I recently sat down with former Bush administration Attorney General Alberto Gonzales, the first Hispanic  in our nation’s history to serve in such a post. In our exclusive interview for Fox News Latino, Gonzales cautioned Mitt Romney against picking an Hispanic vice president as he prepares for the Republican Party convention and the November election.

Gonzales, who has endorsed Romney, said he doubts that “Hispanics are going to support Governor Romney simply because he puts [Florida Senator] Marco Rubio on the ticket or any other Hispanic on the ticket.”

The former Texas Supreme Court Judge concedes Republican Party’s rhetoric during the primaries was "harsh" on immigration "and hurt the party with respect to bringing Hispanics on board.”

Gonzales suggested that the best way for Romney to repair relations with Latino voters, who currently give more than 60 percent of their vote to President Obama, is through sincere outreach program based on economic policies that will help Hispanics.

Along those lines, Gonzales supports Senator Rubio’s efforts to produce a GOP version of the “DREAM” Act as key to Romney efforts to reach out to Hispanic voters.

When I recently interviewed Sen. Rubio, he told me that Democratic Party proposals to allow young people who were brought into the U.S. without documentation -- and are now enrolled in college or the military -- to gain citizenship will not win Republican support in Congress. But he said he is working on a version of the “DREAM Act” that will allow those young people to avoid deportation and stay in the United States.

Any Republican effort to help those young people who are here illegally but are educated and possibly have military experience is essential, Gonzales believes, to repairing the GOP’s relationship with Hispanics.

In our interview we also touched on the controversial issue of immigration.  Gonzales is a Republican but he differs from many in his party in that he is critical of Arizona’s controversial S.B. 1070 “Papers Please” law.

He bases his opposition to S.B. 1070 on what he sees as the potential for racial profiling in the application of the law. And he thinks the responsibility for immigration enforcement lies with the federal government. “The states,” he said, “do not have the authority here. In a perfect world, these states wouldn’t be passing these kinds of laws.  Congress and the president would work together, and pass immigration reform.”

The son of migrant workers from Mexico and the first in his family to go to college, Gonzales’s story epitomizes the American Dream.  As he tells it he is “the son of [parents who only had a second grade education] a cotton-picker and construction worker, [who] grew up in a family home that my dad built,  [with] no hot running water [and] no telephone. And this person becomes the Attorney General of the United States."

He became an accomplished jurist in his home state of Texas, serving as Secretary of State and a justice on the state Supreme Court before arriving in Washington, D.C. with President George W. Bush.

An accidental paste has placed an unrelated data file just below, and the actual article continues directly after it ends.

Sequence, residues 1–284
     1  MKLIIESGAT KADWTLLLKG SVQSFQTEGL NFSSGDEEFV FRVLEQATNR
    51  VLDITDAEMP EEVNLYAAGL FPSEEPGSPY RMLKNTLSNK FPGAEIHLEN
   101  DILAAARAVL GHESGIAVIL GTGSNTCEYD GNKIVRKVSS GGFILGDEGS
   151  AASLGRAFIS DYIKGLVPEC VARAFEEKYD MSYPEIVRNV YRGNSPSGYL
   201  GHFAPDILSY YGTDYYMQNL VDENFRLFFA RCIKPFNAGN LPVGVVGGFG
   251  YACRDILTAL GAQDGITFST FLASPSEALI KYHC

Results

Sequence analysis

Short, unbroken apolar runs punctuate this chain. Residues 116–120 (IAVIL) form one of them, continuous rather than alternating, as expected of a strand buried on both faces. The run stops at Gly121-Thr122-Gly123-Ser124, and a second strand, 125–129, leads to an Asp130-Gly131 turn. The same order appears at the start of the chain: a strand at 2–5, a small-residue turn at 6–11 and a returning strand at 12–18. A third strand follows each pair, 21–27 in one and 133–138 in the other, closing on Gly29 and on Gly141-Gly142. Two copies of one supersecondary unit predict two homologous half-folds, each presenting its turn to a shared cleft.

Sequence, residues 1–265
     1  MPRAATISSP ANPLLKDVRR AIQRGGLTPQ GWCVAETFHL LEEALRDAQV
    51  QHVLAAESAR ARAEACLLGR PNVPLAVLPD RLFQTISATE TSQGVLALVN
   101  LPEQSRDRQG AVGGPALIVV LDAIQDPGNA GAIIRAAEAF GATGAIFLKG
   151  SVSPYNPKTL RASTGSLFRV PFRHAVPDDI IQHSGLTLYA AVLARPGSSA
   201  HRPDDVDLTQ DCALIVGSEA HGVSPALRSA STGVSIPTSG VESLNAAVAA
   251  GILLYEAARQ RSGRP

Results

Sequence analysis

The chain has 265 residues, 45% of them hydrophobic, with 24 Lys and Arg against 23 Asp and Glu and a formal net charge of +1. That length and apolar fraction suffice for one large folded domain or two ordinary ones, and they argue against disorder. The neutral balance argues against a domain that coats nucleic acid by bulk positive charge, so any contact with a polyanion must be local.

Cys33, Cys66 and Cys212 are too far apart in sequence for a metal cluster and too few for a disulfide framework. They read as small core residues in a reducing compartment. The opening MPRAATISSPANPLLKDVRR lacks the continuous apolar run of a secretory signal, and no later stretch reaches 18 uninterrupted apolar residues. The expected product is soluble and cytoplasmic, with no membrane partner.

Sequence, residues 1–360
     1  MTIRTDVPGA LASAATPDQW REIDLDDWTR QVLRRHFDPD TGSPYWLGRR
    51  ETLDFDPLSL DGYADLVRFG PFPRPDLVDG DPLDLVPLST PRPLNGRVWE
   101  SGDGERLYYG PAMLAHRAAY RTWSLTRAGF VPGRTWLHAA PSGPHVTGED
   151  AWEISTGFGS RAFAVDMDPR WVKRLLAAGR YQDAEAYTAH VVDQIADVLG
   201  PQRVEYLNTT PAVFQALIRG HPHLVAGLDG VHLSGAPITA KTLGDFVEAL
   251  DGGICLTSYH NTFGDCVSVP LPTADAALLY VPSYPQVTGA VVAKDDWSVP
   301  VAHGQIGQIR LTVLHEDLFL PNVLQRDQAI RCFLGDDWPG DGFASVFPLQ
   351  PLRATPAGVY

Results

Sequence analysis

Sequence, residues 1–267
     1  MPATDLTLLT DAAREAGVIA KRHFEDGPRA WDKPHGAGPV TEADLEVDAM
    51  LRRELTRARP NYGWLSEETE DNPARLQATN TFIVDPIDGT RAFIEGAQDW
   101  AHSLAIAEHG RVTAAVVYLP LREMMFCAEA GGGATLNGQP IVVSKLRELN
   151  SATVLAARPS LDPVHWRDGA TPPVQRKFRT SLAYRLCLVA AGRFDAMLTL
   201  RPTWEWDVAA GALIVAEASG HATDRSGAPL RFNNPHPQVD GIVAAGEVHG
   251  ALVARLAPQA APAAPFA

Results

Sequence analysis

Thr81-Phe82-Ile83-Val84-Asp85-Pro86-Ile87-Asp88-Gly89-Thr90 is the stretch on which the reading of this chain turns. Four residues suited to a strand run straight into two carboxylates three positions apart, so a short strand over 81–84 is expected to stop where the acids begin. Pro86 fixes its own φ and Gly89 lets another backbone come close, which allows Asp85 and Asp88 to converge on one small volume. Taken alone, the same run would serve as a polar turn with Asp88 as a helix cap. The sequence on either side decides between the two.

“This is still a country where dreams still come true,” Gonzales says as he describes his life story. “And for that reason, America’s worth fighting for, and America is worth dying for. “

Gonzales became a close adviser and confidant of George W. Bush when he was governor of Texas and followed him to Washington when he became president.  Bush tapped him to the office of White House Counsel and in his second term, appointed him to be the first Hispanic Attorney General of the United States.

President Bush also reportedly considered nominating Gonzales to be the first Hispanic justice on the U.S. Supreme Court.

However, early in his tenure, Gonzales became the poster child for some of the most controversial policies of the Bush administration – from the politically-motivated firing of several U.S. attorneys to anti-terrorism policies like warrantless wiretapping and water-boarding although most of these policies were enacted under his predecessor, Attorney General John Ashcroft.

Hard-line conservatives never felt Judge Gonzales was one of them and some critics caricatured him. They portrayed him as over his head in the job of White House Counsel.

Other critics attacked him as an affirmative action hire, a token minority handpicked by a white president to indiscriminately rubber stamp all of his policies with the Justice Department’s seal of approval. Liberal comedian Bill Maher once called him a Mexican mob lawyer.  Novelist Gore Vidal sneered that he “should have gone back to Tijuana.”

Because of the rough treatment in Washington his promising career in law and politics was abruptly cut short.  After leaving the Bush administration, the major law firms in New York and Washington, DC would not even hire the former Attorney General for a job as counsel.

Fast forward to 2012: Gonzales, who now teaches law in Nashville and works for a law firm there, says he wants Romney to win. He told me he has reached out to the Romney campaign but they have been slow to respond. He suspects that his ties to the Bush administration make Romney’s team reluctant to embrace him. But whether he winds up working with the Romney campaign or not, Gonzales  looks forward to doing whatever he can to help Romney’s team with Hispanic outreach.